MACKAY (MacKay, McKay), JOSEPH, businessman and philanthropist; b. 18 Sept. 1810 at Kildonan (Highland), Scotland, son of William McKay and Ann Matheson; d. 6 June 1881 in Montreal, Que.
Joseph Mackay was educated in Scotland. In 1832 he immigrated to Montreal where he established a wholesale dry goods business on Rue Saint-Paul. His brother Edward (b. 13 March 1813 in Kildonan) left Scotland in 1840, settled first in Kingston, Upper Canada, and then after six months moved to Montreal and became a clerk in Joseph’s firm. He was made a partner in 1850. The same year their nephew Hugh (b. 1832 in Caithness) arrived from Scotland and entered the business; he was admitted to partnership in 1856. The business flourished and in 1860 Mackay Brothers moved into a large new building on McGill Street.
The Mackays were respected for their ability, integrity, and industry. Edward was prominent in the business community, serving as a director of the Bank of Montreal, the London and Lancashire Life and Fire Assurance Company, the Montreal Rolling Mills, and John Shedden*’s haulage firm, and as president of the Canada Cotton Manufacturing Company and the Colonial Building and Investment Association. In 1875 Joseph and Edward retired, leaving the Mackay Brothers business in the hands of Hugh who was assisted by his brothers Robert* and James. Hugh was a founding member (1880) and director of the Canadian Telephone Company, and a director of the Royal Canadian Insurance Company.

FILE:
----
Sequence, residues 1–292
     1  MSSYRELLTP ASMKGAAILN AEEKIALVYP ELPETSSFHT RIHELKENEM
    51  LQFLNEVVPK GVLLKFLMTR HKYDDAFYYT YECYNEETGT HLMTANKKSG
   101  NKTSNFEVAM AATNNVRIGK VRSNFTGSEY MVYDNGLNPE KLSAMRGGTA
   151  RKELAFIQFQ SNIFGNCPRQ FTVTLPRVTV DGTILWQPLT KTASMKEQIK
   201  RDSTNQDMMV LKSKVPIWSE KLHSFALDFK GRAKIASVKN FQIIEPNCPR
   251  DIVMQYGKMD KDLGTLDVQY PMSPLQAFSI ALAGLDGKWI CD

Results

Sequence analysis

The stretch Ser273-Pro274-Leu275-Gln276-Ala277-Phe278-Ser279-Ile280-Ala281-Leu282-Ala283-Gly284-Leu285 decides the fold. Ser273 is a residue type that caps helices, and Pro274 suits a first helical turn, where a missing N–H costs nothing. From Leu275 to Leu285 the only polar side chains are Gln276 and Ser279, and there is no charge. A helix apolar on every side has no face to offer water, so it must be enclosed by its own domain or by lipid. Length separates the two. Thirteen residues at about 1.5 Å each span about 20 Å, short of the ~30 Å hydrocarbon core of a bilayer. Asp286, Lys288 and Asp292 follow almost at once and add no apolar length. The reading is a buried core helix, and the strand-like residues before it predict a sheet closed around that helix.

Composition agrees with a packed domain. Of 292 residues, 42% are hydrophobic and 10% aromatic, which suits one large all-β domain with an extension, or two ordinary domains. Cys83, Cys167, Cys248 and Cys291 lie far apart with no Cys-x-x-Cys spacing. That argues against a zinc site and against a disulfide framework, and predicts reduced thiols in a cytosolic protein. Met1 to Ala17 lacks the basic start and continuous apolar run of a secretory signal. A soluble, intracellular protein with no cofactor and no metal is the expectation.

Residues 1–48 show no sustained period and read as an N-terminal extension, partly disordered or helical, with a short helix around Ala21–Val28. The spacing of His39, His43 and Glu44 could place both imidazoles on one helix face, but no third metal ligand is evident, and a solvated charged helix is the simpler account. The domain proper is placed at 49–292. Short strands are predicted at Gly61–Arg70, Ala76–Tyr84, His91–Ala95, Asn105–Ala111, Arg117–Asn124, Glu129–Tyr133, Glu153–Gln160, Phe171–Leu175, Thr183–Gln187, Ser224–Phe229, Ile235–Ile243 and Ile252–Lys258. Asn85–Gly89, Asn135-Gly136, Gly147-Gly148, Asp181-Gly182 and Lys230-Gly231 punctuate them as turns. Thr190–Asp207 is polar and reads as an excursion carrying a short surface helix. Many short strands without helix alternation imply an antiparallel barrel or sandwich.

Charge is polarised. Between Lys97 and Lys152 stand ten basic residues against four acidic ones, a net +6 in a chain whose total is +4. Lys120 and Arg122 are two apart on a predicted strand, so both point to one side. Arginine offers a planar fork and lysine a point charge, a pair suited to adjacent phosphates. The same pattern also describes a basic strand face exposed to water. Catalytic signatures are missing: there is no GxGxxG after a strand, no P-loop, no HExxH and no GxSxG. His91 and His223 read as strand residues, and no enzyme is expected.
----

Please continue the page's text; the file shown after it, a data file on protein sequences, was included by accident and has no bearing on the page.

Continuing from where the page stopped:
The family was well known in Liberal circles, and Edward was approached on several occasions to accept the Liberal nomination for the provincial riding of Montreal West. The offers were refused, but he was active on behalf of Liberal candidates in elections. Honoré Mercier* appointed Hugh Mackay to the Legislative Council on 4 June 1888. Mackay resigned nine days later because illness prevented him from taking his seat immediately and it was essential for Mercier to have as many of his supporters as possible present in the upper house: Mercier lacked a majority in the council, and every vote was important, particularly in view of the government’s intention to introduce legislation to settle the contentious Jesuits’ estates issue. Hugh remained in poor health and in 1890 left for Georgia for medical reasons; he died en route in St Louis, Mo., on 2 April.